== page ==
A geomagnetic storm has the potential to produce aurora borealis over the Northern Hemisphere from Sunday evening into Monday morning, with some states along the US-Canadian border having the potential to see the Northern Lights.
According to NOAA’s Space Weather Prediction Center, the event will reach a level two out of five on the Geomagnetic Storm Impact scale.
An event that registers as a G-2 is fairly common and occurs about 360 days over an 11-year cycle.
According to NOAA, some northern power systems may experience voltage alarms, spacecraft may exhibit orbit changes and radio frequencies can fade at higher latitudes.
If the night sky is clear, some northern states from Washington to Maine might be able to see the geomagnetic activity in the form of an aurora.
The level of geomagnetic activity is also monitored by ground-based magnetometers, and the event is measured on the Kp index scale, which ranges from 0 to 9.
As of Saturday, the highest value expected for the upcoming event on the Kp index was a 6.3, which means cities such as Seattle, Minneapolis and Green Bay will be able to see the Northern Lights, if skies are clear and light pollution is low.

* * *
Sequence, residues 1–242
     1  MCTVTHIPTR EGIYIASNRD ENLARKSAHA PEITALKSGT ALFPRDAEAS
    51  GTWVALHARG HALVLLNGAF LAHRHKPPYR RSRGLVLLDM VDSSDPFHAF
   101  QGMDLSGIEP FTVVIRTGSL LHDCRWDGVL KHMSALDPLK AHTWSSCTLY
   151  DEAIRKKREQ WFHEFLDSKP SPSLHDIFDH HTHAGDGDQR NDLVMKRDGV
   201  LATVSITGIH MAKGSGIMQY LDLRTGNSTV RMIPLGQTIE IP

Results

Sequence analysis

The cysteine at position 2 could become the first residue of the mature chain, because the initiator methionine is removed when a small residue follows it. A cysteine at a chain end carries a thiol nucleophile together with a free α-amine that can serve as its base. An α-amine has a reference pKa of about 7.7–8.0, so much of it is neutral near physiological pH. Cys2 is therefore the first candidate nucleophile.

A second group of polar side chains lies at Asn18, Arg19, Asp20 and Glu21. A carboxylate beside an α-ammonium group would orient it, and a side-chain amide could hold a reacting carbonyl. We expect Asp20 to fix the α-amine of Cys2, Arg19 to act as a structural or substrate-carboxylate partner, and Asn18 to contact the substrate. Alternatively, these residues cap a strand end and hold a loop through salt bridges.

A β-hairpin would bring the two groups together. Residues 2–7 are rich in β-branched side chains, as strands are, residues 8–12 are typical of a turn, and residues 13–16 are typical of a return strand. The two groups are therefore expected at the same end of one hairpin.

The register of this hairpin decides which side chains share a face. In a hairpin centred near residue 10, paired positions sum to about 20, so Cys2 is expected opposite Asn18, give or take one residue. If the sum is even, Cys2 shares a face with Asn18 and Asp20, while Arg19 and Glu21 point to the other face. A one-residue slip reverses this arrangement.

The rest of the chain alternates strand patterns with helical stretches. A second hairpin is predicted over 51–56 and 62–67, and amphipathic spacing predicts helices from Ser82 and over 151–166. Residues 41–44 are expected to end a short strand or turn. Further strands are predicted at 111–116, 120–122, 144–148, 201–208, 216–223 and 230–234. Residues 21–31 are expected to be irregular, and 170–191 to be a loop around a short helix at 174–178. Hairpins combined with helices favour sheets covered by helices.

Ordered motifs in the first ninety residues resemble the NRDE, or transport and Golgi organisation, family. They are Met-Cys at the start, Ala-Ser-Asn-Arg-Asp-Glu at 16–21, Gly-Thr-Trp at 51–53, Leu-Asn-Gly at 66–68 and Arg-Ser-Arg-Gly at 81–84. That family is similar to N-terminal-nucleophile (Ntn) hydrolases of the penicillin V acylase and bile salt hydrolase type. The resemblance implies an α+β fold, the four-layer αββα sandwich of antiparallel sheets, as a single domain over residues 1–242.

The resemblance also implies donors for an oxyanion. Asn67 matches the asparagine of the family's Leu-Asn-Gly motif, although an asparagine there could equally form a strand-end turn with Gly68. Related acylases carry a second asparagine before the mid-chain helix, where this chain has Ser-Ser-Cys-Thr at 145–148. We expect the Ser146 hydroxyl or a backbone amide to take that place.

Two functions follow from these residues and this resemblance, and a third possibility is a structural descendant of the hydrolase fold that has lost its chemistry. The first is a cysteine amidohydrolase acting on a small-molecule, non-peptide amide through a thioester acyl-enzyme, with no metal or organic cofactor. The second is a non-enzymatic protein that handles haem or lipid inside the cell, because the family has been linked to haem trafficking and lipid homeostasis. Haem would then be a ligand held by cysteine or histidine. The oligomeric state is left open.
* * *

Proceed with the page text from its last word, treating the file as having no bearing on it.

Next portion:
Cloud cover can inhibit viewing, and large sections of the Pacific Northwest are forecast to be under a decent layer of clouds.
Most of the Midwest is expected to be nearly cloud-free, which will enable viewing.
If initial forecasts are underestimating the event and the geomagnetic storm is stronger than expected, the chance to observe to aurora would sink further south and include communities around Des Moines, Iowa; Chicago; Cleveland; and Portland, Maine.
The best viewing is typically between 10 p.m. and 2 a.m. local time, and due to the moon being in a Waxing Crescent phase, the lunar body should not be a hindrance to skywatchers.
The late weekend event is expected to be much weaker than March’s severe geomagnetic storm that caused the Northern Lights to be seen as far south as Las Vegas, Phoenix, Nashville and Asheville, North Carolina.
The Space Weather Prediction Center identified the spectacular event as a level 4 on its 5-point scale.